From Endurance to Dressage
Over the past month, I've written more times about the tiny little Kern River than I have in the entire 12 years I've been blogging. I've seen some of the rivers back east, and ours are nothing like those, but when you're used to a mere trickle, a creek really, seeing millions of gallons pouring off the Southern Sierra Nevada Mountains gets your attention.
On Sunday, with my boys recuperating from their annual vet visit, we decided to head up to Lake Isabella and into the small town of Kernville, the one that recently made the news when the river more than overflowed its banks. Before arriving in Kernville, we first pulled over to check out the dam and the height of the water level. You've all seen reservoirs that were low. Before this winter's rain, Lake Isabella was a swamp with some funky hillocks poking out of the murky water. No more. The lake is currently at 65% of capacity with a mountain of snowmelt headed our way.
Without seeing what it looked like just six months ago, it's hard to appreciate just how much it has filled already. Right now, the lake is holding 193% of average. Normally, there are sand dunes and dirt roads that criss-cross the shoreline. All of that is currently underwater. The lake now reaches the grass line, and even that is slowing being covered up by the rising lake level.
When we arrived in Kernville, we took the dogs down to the park to see the devastation that was caused by the wall of water that poured through the river's channel. Surprisingly, much of the damage has already been repaired. Some of the slabs that form the large sidewalk that follows the river have already been replaced, but many of them lay scattered like cards from a deck.
We ate lunch at a restaurant that sits high above the river with floor to ceiling windows. As we watched, a pair or rafts came hurtling by with all aboard paddling fiercely as they tumbled through the river's rapids. Many people come from all over southern California to raft the Kern River in its wet years. Rafting season has already begun.
As the river exits the dam, it flows through a narrow canyon as it plummets to the valley floor. We pulled off the road a few times to stare in awe at the sheer volume of water hurtling westward. The sound of the water rushing towards the valley was a roar that made it impossible to talk. We live just a handful of miles from the canyon's mouth, so as you exit the canyon, you can see our neighborhood perched on the bluff to the west. It's hard to believe that so much power is just minutes from our quiet neighborhood.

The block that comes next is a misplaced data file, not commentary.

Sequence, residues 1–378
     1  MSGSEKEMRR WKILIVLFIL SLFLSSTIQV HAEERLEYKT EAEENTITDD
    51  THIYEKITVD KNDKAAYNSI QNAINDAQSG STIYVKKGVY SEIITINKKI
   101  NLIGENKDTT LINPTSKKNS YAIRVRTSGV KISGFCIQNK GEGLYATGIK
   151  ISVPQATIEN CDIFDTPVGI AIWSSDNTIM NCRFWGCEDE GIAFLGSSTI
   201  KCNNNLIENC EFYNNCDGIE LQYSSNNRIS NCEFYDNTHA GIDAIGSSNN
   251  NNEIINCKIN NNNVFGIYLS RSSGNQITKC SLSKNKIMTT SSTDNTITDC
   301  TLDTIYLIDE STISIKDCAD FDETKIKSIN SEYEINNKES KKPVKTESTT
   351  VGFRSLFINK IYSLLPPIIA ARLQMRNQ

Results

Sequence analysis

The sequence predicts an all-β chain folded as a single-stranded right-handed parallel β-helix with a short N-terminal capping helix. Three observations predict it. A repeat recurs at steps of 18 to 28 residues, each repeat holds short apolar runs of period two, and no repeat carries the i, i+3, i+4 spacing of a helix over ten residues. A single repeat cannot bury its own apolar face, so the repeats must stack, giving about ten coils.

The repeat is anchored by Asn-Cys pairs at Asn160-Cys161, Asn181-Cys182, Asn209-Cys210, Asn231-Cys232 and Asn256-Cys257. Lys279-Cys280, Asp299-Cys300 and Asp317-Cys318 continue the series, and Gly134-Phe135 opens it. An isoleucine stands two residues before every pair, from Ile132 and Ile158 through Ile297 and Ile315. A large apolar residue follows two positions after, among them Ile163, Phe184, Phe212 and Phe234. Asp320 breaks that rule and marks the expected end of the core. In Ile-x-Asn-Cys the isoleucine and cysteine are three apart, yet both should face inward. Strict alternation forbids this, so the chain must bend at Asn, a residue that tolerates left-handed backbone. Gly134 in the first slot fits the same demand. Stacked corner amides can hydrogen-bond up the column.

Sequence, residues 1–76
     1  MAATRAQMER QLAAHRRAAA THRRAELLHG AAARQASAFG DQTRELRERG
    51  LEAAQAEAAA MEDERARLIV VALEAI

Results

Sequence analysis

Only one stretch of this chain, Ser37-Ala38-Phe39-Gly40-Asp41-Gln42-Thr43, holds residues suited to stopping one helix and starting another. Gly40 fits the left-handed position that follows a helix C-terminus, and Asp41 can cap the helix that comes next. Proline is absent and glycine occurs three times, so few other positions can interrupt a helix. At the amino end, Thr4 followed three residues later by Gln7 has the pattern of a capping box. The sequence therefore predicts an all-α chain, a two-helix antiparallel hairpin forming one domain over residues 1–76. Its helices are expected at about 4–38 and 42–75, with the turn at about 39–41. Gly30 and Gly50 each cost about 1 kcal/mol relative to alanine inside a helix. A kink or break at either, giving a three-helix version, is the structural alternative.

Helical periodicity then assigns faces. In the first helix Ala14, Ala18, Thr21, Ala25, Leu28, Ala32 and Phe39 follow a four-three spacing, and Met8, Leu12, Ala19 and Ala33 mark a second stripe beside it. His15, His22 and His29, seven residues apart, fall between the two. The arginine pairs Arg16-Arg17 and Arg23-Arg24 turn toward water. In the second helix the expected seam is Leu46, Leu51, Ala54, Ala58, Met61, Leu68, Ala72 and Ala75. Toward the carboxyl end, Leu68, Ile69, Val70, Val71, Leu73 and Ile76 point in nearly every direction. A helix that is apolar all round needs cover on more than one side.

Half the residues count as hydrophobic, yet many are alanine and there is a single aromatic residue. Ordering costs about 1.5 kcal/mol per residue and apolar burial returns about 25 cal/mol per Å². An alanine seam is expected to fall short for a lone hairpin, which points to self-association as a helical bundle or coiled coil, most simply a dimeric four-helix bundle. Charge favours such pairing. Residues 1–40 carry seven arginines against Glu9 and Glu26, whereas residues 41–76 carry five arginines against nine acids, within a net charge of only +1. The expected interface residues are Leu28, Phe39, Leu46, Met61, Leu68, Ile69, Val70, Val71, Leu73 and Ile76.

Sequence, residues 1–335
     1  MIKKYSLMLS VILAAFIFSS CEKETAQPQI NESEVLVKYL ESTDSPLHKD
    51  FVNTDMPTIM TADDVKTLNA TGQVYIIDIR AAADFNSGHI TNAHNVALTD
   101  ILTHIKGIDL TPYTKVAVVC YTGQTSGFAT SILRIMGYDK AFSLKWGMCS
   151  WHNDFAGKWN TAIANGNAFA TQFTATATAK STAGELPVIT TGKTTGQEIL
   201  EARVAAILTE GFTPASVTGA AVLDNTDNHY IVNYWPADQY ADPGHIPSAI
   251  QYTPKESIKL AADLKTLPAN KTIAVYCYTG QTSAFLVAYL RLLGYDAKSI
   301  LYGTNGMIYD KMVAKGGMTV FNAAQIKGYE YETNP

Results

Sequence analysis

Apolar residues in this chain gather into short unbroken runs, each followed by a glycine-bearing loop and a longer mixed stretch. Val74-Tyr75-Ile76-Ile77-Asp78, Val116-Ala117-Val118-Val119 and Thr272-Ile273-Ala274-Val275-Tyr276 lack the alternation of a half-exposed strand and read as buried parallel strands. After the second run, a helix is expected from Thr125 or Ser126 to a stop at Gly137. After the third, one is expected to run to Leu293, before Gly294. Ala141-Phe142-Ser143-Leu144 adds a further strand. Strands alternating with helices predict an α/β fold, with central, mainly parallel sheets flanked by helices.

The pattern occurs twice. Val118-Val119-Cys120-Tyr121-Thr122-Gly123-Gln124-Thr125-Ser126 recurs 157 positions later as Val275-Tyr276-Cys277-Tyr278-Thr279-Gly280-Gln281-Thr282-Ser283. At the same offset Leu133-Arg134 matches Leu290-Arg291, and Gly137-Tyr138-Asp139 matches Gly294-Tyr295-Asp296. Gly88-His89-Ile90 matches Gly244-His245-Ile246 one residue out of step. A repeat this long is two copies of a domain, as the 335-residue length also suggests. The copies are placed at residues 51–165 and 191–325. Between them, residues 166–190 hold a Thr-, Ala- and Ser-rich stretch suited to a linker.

Just before leaving the canyon, my husband hiked down to the water to get a closer look at the cascading white water. I stayed up on the road where it was a bit calmer. If the water roared where I was, it was deafening standing on the boulder's edge.
Men, you just can't take them anywhere!
About the Writer and Rider
I am a lifelong rider.
I began endurance riding in 1996 where I ultimately completed five, one-day 100 mile races, the 200-mile Death Valley Encounter, and numerous other 50, 65, and 75 mile races. I began showing dressage in 2010.
Welcome to my dressage journey.
About Speedy G
Speedy went from endurance horse to dressage horse. After helping me earn a USDF Bronze medal in the summer of 2020, he is now semi-retired. Speedy is a 2004, 15'1 hand, purebred Arabian gelding. His Arabian Horse Registry name is G Ima Starr FA.
Izzy was started as a four-year old and then spent the next 18 months in pasture growing up. I bought him as a six-year old, and together, we are showing at the lower levels. He is a 2008, 16'3 hand warmblood gelding. His Rheinland Pfalz-saar International (RPSI) name is Imperioso.
National Rider Awards
State Rider Awards
State Horse Awards
CDS Sapphire Rider Award
Third Level: 63.514%
Third Level: 62.105%
2023 Show Season
(r) Ride-a-Test Clinic
2023 Show Schedule
2023 Completed …
2023 Qualifying Scores
Regional Adult Amateur Competition (RAAC)
Qualifying Training Level
3 Scores/2 Judges/60%: